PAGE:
If you’re a frequenter of this site, you probably already know what huge fans we are of Studio Ghibli and its co-founder Hayao Miyazaki. I’ve written both heaps and gobs about the films and truly can never get enough of them, but I have a strange fondness for Miyazaki’s early sci-fi/fantasy/adventure pastiches, like The Castle of Cagliostro and Nausicaä of the Valley of the Wind. His thematic trilogy ended in 1986 with the production of the first film under the Studio Ghibli banner, Laputa, also known as Castle in the Sky.
The tale of people in airships looking for a fabled mystical clockwork castle that flies would spark anyone’s imagination, and apparently did in the form of a LEGO music box.
This build was the work of Banghoo H and Yeom-E who not only constructed Laputa itself, but used the clockwork of a wind-up music box to make it rotate and to make LEGO clouds bob up and down as it does so. It looks as though a good portion of the music box’s parts are actually made of LEGO, aside from the metal necessary to make the song play. And what song is that? Well, obviously it’s the theme to Castle in the Sky composed by Miyazaki’s longtime musical collaborator Joe Hisaishi. It sounds great both in its chiming form or in the full orchestral version heard in the video above.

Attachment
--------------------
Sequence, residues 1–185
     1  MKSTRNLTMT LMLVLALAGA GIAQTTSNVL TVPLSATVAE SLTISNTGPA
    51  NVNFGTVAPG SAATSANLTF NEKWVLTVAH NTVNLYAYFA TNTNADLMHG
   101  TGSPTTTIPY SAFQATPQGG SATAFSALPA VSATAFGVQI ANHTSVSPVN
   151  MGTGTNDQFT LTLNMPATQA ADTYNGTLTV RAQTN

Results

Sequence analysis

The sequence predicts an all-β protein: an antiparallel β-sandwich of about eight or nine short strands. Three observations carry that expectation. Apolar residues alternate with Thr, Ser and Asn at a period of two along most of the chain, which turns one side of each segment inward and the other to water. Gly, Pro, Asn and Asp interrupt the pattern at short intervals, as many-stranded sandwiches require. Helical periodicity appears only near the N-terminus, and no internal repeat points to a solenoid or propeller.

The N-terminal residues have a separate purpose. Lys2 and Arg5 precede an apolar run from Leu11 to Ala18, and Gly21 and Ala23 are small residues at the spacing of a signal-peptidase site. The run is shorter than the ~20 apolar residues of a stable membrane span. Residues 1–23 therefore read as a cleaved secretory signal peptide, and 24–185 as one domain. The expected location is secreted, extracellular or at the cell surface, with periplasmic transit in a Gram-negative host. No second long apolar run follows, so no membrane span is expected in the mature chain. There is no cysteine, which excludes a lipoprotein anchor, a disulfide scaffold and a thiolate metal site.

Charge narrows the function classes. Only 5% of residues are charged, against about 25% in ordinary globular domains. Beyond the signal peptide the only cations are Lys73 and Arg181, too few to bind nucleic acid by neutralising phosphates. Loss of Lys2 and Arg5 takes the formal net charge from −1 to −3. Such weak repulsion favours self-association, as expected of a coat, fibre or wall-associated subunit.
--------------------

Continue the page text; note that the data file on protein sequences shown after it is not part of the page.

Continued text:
It’s amazing when the creativity of one artist can inspire the creativity of another, and I think anybody would love to have this Laputa LEGO music box in their home, whether they’re fans of the film it depicts or not. There’s something so relaxing and hypnotic about watching it spin around as the music plays. That’s your kid’s lullaby machine forever.
You can see more of Bangoo H’s impressive LEGO builds on this Flickr page under the banner of Ailur Works (Laputa is easily the crowning achievement).
How much would you love this in your home? What other Miyazaki things should get made into LEGO music boxes (You’d think Howl’s Moving Castle would be a no-brainer)? Let us know in the comments below!
HT: Brothers Brick
Images: Studio Ghibli/Ailur Works
Kyle Anderson is the Weekend Editor and a film and TV critic for Nerdist.com. Follow him on Twitter!
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